Anna Pohlmeyer, Delft University of Technology, translates positive psychology into positive design and outlines 20 opportunities to design for happiness.
Birds of a feather
Email is recognised as a major productivity disabler. Karen renaud, Glasgow University, and Judith ramsay, University of the West of Scotland, present a flighty perspective on emailers’ behaviours.
Daniel Gooch and Ryan Kelly from Bath University reflect on a future for HCI where interactions are slow and reflective, more intimate, creatively and innovatively combining aspects of the physical and digital world to promote fulfilling experiences.
The ITT Group
Professor Lynne Baillie provides an overview of her team, the Interactive and Trustworthy Technologies research Group at Glasgow Caledonian University, and some of their current projects.
New centre, new challenge
Lorna McKnight, University of oxford, introduces a new research centre exploring assistive learning technologies and reflects on the difficulties and value of researching this area.
Andrea Bellucci: Prototyping Natural Interaction
Massive Open Online HCI
Alan Dix, Talis and University of Birmingham, describes some of the inspirations and challenges he faces as he prepares to run a massive open online HCI course.
Other recent issues of Interfaces:
Interfaces 91 – Summer 2012 – Reviewing HCI (pdf)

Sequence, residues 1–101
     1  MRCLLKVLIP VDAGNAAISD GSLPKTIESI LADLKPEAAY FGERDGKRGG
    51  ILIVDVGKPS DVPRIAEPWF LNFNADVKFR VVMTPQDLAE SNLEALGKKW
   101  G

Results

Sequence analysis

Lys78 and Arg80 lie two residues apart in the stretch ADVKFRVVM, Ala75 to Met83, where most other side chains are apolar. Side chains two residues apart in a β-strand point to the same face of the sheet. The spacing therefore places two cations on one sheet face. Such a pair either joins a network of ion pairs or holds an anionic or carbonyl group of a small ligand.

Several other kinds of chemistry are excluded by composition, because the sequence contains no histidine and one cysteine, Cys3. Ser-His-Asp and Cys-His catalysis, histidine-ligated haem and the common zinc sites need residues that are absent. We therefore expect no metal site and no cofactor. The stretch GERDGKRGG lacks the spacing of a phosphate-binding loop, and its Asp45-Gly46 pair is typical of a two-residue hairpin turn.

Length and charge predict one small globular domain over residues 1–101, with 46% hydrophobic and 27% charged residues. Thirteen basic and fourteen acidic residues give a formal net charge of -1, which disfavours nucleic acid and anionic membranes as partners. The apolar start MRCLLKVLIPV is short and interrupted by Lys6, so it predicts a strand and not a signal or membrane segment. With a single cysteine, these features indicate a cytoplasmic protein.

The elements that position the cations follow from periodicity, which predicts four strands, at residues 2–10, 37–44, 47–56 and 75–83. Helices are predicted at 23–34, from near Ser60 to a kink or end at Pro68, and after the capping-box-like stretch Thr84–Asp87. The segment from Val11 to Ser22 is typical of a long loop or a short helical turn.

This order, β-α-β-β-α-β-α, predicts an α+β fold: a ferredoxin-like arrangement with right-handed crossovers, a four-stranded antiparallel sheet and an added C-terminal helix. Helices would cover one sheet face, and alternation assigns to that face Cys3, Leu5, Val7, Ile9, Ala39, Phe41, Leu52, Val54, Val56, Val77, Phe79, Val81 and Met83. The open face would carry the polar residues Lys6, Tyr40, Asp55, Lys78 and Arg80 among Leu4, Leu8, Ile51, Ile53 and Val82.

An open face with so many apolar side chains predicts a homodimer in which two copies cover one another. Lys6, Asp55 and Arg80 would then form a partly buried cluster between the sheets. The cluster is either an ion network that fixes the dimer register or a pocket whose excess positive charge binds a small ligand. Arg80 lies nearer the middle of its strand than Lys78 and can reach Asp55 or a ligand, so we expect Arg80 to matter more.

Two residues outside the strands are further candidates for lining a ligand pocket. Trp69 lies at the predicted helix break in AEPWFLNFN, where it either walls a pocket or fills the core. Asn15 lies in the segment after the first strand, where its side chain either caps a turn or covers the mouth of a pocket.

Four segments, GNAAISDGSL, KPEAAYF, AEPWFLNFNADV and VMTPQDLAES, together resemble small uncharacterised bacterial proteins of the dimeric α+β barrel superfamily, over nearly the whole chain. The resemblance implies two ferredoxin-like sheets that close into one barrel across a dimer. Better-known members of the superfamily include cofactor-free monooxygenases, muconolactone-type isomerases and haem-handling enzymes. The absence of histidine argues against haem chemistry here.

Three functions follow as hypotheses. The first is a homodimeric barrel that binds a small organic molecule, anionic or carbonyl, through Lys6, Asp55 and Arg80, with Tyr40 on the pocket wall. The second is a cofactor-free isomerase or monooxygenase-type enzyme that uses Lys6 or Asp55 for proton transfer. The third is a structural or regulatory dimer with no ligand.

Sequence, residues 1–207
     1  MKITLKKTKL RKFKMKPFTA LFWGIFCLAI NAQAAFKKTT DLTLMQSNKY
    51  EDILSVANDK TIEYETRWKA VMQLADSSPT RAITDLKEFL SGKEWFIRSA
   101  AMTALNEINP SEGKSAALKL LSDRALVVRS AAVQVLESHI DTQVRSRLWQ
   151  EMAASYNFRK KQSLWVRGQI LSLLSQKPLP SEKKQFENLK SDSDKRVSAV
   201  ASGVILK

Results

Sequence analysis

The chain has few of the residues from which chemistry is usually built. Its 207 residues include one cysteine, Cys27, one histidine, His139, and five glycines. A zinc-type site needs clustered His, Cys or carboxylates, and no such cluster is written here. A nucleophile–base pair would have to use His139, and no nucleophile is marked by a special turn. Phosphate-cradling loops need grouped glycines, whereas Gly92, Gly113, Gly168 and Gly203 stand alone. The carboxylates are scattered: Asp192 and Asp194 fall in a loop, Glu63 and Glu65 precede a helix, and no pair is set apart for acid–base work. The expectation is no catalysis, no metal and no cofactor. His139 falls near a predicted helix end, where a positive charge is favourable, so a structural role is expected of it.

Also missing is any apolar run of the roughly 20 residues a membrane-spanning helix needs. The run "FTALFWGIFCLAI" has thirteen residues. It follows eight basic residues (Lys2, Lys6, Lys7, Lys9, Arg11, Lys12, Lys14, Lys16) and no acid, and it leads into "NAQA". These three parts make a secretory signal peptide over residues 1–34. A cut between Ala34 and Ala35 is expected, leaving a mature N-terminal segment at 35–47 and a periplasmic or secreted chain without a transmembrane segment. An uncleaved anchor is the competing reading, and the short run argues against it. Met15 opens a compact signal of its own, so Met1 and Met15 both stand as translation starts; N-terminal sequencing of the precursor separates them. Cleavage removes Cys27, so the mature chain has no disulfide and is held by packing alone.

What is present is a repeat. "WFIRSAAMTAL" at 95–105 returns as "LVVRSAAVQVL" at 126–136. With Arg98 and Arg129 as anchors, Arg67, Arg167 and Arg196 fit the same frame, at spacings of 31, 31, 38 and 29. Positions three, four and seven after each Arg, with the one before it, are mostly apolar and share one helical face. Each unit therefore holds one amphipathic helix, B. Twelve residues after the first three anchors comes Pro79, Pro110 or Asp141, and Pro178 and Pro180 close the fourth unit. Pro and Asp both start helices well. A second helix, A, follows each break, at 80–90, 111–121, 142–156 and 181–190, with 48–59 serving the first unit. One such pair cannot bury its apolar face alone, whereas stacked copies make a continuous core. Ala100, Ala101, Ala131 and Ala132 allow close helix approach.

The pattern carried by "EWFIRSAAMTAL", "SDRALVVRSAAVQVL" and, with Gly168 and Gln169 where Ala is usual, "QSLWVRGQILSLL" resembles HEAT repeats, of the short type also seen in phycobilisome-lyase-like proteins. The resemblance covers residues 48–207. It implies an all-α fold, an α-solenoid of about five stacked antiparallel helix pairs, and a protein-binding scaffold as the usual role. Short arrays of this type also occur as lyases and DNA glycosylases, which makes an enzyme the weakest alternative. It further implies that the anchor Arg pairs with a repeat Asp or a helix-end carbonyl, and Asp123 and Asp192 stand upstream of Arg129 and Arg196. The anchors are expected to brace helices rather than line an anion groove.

HCI research in the UK: funding, reflection and the future
Interfaces 90 – Spring 2012 – Work, Rest and Play (pdf)
HCI crosses physical and digital boundaries
Interfaces 89 – Winter 2011 – What’s Hot in HCI? (pdf)
It’s difficult to get consensus from our multidimensional discipline
Here’s the view of Ray McCune, managing partner at Flow, on some of the peaks we still have to climb if experience design is to become a mainstream business discipline.
It’s quite excellent.
1. Targets and incentives within businesses must be aligned with long-term value
As long as business managers are incentivised only to deliver against short-term goals in narrow areas of business performance, companies will struggle to make significant improvements in their relationships with customers.
2. We need to stop designing experiences based on company structure
We’re already seeing a rush by individual business units within large organisations to launch their own individual mobile offerings, often with little thought for the overall experience.
3. The User Experience community needs to get out more
We are talking to ourselves more than anyone else. [...] We need to seek out opportunities to speak with politicians, business owners, executives and managers on their own ground and use a vocabulary that resonates with them: tying UX to social benefit, improved business performance and new marketing opportunities.
4. Improve the user experience of boxed products
All too often the out-of-the-box experience offered by third-party products simply isn’t flexible enough to create a valuable, differentiated experience for customers.
5. Most digital agencies are charlatans
Ten years ago, few digital agencies had any user experience offering, so it should seem like progress that today the majority of agencies make the vocabulary of UX central to their pitch and their proposition. Or perhaps not.